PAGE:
Offshore InjuryBlog

Are Jones Act Claims Possible After Physical or Sexual Assault?

Most people associate the Jones Act with hazardous conditions and accidents that injure seamen. For decades, the Jones Act has held employers accountable for failing to provide a safe work environment. While the Jones Act covers accidents like falls, explosions, toxic exposure, and other dangerous situations, many offshore workers don’t realize they might be able to recover damages after being assaulted on a vessel.

Why Does the Jones Act Apply to Physical Assault?

The Jones Act makes sure of one specific thing: that vessel owners provide a safe work environment for their employees. As mentioned above, failures to comply with the Jones Act often manifest as work accidents. However, the Jones Act is usable for incidents of assault between coworkers. Since vessel owners have a responsibility to provide a safe workplace for offshore workers, they must prevent any physical altercations from occurring between crewmembers.

Employers might be liable for assault if they:

  • Failed to conduct adequate background checks
  • Hired someone with a history of violence
  • Failed to screen for mental health issues
  • Ignored the concerns of other workers

What Is Vicarious Liability?

Another way an employer might be responsible for assault between crewmembers is through a concept known as vicarious liability. This concept acknowledges the control that an employer is supposed to have over their crew. Essentially, vicarious liability states that a vessel owner failed to enforce the proper conduct needed to protect crewmembers from assault.

When companies hire workers, it’s their responsibility to enforce a culture of safety. In the case of physical assault, a company has likely failed to uphold these standards. In many instances, altercations involving violent workers could have been prevented had employers heeded early warning signs exhibited by the unstable or violent individual.

Assault on ships can cause injuries such as:

  • Head and brain injuries
  • Broken bones
  • Neck injuries
  • Spine injuries
  • Cuts, lacerations, and abrasions
  • Puncture wounds
  • Blunt force trauma
  • Emotional injuries such as post-traumatic stress disorder (PTSD)
  • Anxiety

Besides causing physical danger, employers who allow instances of assault to happen on their vessels create an atmosphere of fear for workers. After an assault happens, workers might be afraid to speak up for concerns they have regarding the situation and other safety issues on a ship.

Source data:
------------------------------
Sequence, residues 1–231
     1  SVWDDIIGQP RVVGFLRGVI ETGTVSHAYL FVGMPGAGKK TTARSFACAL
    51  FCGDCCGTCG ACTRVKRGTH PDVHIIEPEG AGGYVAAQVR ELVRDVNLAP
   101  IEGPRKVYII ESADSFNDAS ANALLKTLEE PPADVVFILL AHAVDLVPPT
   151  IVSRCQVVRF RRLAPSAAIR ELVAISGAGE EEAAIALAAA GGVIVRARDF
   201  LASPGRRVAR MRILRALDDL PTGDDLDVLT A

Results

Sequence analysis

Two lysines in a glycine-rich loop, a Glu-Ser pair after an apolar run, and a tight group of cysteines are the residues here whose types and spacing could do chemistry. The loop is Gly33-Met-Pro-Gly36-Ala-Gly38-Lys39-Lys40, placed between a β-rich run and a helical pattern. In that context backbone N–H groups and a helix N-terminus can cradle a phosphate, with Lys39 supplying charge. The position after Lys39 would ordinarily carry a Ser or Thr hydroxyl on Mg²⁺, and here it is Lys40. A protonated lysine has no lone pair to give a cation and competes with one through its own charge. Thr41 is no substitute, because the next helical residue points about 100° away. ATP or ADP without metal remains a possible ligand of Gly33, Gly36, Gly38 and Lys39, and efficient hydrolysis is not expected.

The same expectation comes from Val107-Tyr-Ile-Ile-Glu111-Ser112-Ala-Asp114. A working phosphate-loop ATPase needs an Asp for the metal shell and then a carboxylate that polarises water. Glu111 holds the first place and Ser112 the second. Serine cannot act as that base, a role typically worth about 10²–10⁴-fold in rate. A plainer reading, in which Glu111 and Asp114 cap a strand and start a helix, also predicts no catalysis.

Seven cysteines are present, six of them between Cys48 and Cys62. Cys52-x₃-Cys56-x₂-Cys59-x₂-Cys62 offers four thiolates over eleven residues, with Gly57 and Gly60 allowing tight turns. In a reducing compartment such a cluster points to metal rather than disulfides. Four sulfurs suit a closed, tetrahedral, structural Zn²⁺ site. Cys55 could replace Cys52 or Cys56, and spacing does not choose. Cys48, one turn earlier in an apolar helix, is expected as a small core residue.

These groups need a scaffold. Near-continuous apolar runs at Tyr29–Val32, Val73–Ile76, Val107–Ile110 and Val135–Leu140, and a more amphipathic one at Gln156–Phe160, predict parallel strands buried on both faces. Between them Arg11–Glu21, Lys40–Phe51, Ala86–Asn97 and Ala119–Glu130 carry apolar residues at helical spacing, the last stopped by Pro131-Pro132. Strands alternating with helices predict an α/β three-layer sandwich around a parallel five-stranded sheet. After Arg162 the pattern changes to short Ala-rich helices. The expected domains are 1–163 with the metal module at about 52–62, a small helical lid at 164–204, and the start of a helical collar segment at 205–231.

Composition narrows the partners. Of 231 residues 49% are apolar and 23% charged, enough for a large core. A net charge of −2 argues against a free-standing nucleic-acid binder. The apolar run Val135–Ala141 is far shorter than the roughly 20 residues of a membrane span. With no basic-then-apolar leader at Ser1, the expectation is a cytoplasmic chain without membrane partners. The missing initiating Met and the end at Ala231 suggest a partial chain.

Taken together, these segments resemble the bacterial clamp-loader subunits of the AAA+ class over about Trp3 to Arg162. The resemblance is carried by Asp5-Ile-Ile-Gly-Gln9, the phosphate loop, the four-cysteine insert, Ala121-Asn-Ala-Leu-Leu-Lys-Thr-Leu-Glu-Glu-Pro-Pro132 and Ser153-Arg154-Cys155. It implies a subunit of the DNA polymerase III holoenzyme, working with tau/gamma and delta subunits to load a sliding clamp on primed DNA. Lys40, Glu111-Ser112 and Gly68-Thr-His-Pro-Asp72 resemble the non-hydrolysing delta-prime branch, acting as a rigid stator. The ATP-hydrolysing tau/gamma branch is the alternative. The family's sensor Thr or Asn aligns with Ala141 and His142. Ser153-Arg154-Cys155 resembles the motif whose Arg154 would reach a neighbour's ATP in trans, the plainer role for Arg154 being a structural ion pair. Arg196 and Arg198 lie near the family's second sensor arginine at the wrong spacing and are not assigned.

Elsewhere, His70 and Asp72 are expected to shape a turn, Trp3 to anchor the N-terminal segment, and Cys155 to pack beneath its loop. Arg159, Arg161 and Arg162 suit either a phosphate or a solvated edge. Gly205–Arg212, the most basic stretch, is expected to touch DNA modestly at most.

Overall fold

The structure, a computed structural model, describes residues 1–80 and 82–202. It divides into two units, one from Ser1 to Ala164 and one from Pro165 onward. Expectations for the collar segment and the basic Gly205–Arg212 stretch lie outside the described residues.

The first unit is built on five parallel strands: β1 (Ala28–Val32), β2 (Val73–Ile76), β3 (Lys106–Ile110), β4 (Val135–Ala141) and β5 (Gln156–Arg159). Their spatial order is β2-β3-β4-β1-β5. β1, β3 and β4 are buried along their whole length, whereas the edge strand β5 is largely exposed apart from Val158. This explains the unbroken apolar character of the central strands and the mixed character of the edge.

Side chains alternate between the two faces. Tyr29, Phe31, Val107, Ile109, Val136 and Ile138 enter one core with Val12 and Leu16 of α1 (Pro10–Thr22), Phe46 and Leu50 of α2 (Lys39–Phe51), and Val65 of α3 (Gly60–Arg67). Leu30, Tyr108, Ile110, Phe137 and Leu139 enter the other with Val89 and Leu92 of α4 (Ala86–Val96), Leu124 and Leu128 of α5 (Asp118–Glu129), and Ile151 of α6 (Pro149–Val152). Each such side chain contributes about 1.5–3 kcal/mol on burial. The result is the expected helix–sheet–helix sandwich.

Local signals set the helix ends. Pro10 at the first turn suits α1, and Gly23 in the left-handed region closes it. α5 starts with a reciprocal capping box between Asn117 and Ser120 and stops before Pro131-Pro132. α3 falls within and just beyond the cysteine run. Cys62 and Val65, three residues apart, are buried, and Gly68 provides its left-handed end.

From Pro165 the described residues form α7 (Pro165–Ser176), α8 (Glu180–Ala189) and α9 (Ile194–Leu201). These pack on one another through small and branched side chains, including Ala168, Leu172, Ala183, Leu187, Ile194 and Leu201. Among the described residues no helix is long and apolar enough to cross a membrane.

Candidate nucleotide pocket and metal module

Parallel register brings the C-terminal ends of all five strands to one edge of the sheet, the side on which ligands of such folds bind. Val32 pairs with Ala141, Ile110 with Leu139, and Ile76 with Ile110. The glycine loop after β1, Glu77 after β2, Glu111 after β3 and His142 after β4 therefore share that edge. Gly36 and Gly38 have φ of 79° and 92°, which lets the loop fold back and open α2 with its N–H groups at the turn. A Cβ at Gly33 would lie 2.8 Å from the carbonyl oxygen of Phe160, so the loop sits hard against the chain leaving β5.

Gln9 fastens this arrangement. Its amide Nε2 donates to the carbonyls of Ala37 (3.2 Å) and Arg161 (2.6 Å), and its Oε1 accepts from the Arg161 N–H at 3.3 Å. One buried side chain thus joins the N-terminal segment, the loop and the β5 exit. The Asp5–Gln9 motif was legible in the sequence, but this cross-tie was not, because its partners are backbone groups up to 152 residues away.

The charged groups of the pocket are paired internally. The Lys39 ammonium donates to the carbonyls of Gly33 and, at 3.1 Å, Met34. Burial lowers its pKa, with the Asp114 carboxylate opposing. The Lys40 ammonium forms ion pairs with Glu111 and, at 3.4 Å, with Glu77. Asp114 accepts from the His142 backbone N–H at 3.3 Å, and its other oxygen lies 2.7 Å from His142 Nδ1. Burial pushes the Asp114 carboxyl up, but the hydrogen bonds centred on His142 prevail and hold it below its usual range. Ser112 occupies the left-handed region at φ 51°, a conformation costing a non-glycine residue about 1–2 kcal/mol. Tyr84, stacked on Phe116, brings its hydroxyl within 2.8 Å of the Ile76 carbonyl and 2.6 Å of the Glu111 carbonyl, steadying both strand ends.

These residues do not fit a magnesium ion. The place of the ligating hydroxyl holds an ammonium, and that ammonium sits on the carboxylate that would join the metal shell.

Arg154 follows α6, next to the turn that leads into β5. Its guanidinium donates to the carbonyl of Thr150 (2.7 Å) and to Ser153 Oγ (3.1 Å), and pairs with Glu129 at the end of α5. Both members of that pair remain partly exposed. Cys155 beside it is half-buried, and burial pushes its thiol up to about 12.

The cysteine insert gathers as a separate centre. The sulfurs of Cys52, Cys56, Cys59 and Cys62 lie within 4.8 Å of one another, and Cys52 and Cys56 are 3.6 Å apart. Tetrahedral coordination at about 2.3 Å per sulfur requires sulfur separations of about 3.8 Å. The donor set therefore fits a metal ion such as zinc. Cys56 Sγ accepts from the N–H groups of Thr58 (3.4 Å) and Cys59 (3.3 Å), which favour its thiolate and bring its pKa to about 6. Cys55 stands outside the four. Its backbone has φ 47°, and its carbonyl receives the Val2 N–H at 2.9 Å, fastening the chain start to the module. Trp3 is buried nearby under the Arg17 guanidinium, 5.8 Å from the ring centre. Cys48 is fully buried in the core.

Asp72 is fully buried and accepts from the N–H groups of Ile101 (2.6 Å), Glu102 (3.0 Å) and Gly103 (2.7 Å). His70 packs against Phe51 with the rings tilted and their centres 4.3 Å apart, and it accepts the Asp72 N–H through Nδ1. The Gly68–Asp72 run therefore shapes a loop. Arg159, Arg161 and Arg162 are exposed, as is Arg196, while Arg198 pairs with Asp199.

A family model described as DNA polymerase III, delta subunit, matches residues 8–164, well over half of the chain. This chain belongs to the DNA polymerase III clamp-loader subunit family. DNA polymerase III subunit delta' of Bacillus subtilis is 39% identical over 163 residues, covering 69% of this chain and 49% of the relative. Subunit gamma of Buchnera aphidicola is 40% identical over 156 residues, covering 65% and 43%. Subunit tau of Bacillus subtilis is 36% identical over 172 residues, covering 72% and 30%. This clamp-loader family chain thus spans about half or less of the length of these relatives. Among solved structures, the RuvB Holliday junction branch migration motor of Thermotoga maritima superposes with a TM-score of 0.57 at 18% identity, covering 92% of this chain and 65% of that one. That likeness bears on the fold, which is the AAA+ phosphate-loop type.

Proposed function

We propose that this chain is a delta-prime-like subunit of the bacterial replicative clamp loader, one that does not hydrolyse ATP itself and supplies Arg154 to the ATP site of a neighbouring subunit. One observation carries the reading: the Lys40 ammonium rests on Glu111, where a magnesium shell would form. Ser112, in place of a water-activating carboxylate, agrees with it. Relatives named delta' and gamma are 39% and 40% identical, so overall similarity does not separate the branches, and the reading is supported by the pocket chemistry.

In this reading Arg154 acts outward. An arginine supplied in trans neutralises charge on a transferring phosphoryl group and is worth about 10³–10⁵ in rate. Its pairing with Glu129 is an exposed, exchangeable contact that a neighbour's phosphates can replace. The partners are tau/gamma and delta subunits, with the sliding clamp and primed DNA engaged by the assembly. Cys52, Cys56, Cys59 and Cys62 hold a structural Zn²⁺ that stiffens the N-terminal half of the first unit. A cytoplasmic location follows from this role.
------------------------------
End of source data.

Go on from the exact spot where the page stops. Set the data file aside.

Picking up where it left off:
Does the Jones Act Apply to Sexual Assault?

Yes, the Jones Act can help survivors of sexual assault. As mentioned above, vessel owners are responsible for making sure a crew is safe—this includes ensuring all workers are shielded from sexual assault. This even includes making sure workers aren’t subjected to attempted sexual assault—an experience that can cause lasting trauma.

If you’ve suffered from sexual assault while offshore, it’s crucial to report it to a supervisor or your company as soon as possible. Additionally, be certain to document any physical signs of your assault, such as bruising and other injuries.

Finally, don’t hesitate to reach out for help from a professional. Sexual assault can leave as many emotional injuries as it does physical. Getting help as soon as possible can be important for your well-being. Additionally, it might help provide crucial evidence for your Jones Act injury claim.

Assaulted on a Vessel? Call Our Jones Act Lawyers Today

If you’ve sustained injuries caused by an assault by another offshore worker, it’s time to call Arnold & Itkin LLP. What happened to you was likely preventable, and we're ready to fight for the answers you deserve. Our team has recovered billions for clients and is ready to fight for the compensation that you need for medical bills, lost wages, and other hardships associated with your injuries.

Call our Jones Act lawyers today for a free consultation at (888) 346-5024. We’re ready to help you explore your options right now.

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